At the Drive-In… Church? Florida Congregants Pray from Their Cars
A unique setup highlighted in a beautiful short film.
In a world where you can purchase both alcohol and ammunition from the comfort of your car, it only makes sense that you can find a little salvation as well. A beautiful short documentary produced for The New York Times highlights the Daytona Beach Drive In Christian Church in Florida, where congregants join together each Sunday and worship from the air-conditioned comfort of their cars.
Filmmaker and Florida native Lauren DeFilippo acknowledges she thought the idea was a little odd when she first happened upon the outdoor church, built on the site of an old drive-in movie theater. After all, she writes, how much further can you get from the communal nature of church than sitting in your car and listening to the pastor's voice crackle over the radio?
But after spending three Sundays watching car after car pull up to the grassy lot and filming the congregants as they attended the service, DeFillipo realized the benefits of the unusual setup. For some, disabilities make this the most convenient option to regularly attend church. Others appreciate the chance to mourn for a loved one or process the pastor's words in private. And as you'll see in the video, a few even like the ability to bring their pets along.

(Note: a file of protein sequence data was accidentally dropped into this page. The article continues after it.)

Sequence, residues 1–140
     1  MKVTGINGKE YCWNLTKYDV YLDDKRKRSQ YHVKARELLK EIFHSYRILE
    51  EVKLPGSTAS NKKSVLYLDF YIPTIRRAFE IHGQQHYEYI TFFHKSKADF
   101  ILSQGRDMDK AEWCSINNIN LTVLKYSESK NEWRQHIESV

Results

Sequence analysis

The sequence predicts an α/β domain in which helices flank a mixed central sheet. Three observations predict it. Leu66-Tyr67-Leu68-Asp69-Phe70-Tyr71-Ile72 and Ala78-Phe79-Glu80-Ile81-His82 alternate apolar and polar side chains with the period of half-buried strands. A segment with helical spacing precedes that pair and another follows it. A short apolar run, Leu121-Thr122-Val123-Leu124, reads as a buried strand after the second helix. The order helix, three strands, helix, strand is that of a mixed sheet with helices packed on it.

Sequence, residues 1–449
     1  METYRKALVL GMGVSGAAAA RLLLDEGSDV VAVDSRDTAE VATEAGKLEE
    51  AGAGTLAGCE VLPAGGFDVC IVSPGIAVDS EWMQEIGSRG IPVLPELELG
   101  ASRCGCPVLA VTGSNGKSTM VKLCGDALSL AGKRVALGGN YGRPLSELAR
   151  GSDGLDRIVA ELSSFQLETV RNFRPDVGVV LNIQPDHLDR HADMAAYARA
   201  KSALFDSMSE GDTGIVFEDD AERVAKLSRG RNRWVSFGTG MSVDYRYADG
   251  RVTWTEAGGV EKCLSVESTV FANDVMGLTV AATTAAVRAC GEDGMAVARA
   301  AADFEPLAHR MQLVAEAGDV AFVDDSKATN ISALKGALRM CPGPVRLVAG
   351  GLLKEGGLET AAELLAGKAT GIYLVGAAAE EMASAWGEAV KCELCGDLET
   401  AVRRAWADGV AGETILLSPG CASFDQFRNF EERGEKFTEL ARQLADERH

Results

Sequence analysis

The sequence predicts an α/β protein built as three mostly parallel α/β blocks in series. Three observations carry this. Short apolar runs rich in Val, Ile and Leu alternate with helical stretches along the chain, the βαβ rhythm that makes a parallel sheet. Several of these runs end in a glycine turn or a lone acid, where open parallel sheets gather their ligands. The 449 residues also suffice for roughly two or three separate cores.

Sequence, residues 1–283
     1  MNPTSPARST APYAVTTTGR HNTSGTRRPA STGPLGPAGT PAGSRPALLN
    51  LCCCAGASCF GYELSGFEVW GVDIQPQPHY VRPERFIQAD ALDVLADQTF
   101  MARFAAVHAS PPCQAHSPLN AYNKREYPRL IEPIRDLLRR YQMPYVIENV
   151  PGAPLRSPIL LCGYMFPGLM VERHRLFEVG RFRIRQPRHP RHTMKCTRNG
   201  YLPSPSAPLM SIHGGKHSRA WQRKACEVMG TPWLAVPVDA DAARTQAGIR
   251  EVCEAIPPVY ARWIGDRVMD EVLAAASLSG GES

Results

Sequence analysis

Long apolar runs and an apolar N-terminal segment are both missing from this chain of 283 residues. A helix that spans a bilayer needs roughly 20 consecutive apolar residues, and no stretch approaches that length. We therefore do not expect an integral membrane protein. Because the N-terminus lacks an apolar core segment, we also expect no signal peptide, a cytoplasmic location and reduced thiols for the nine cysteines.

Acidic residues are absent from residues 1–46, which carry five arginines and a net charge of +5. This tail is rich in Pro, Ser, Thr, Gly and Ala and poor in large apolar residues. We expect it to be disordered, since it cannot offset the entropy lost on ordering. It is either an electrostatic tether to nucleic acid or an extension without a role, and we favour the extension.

While it undoubtedly fills a role, DeFillipo also believes that a drive-in church represents the growing divide between our desire to connect with each other as people and the reality of our "technology-fueled isolation," a point driven home by the pastor's sermon laid over the shots of congregants listening in their cars. A sort of religious Bowling Alone, if you will. But on the other hand, this drive-in church has been running since 1953, so it's not quite a new phenomenon.
Either way, the beautifully-shot film is stark and evocative, leaving you wondering about the lives you only glimpse on screen.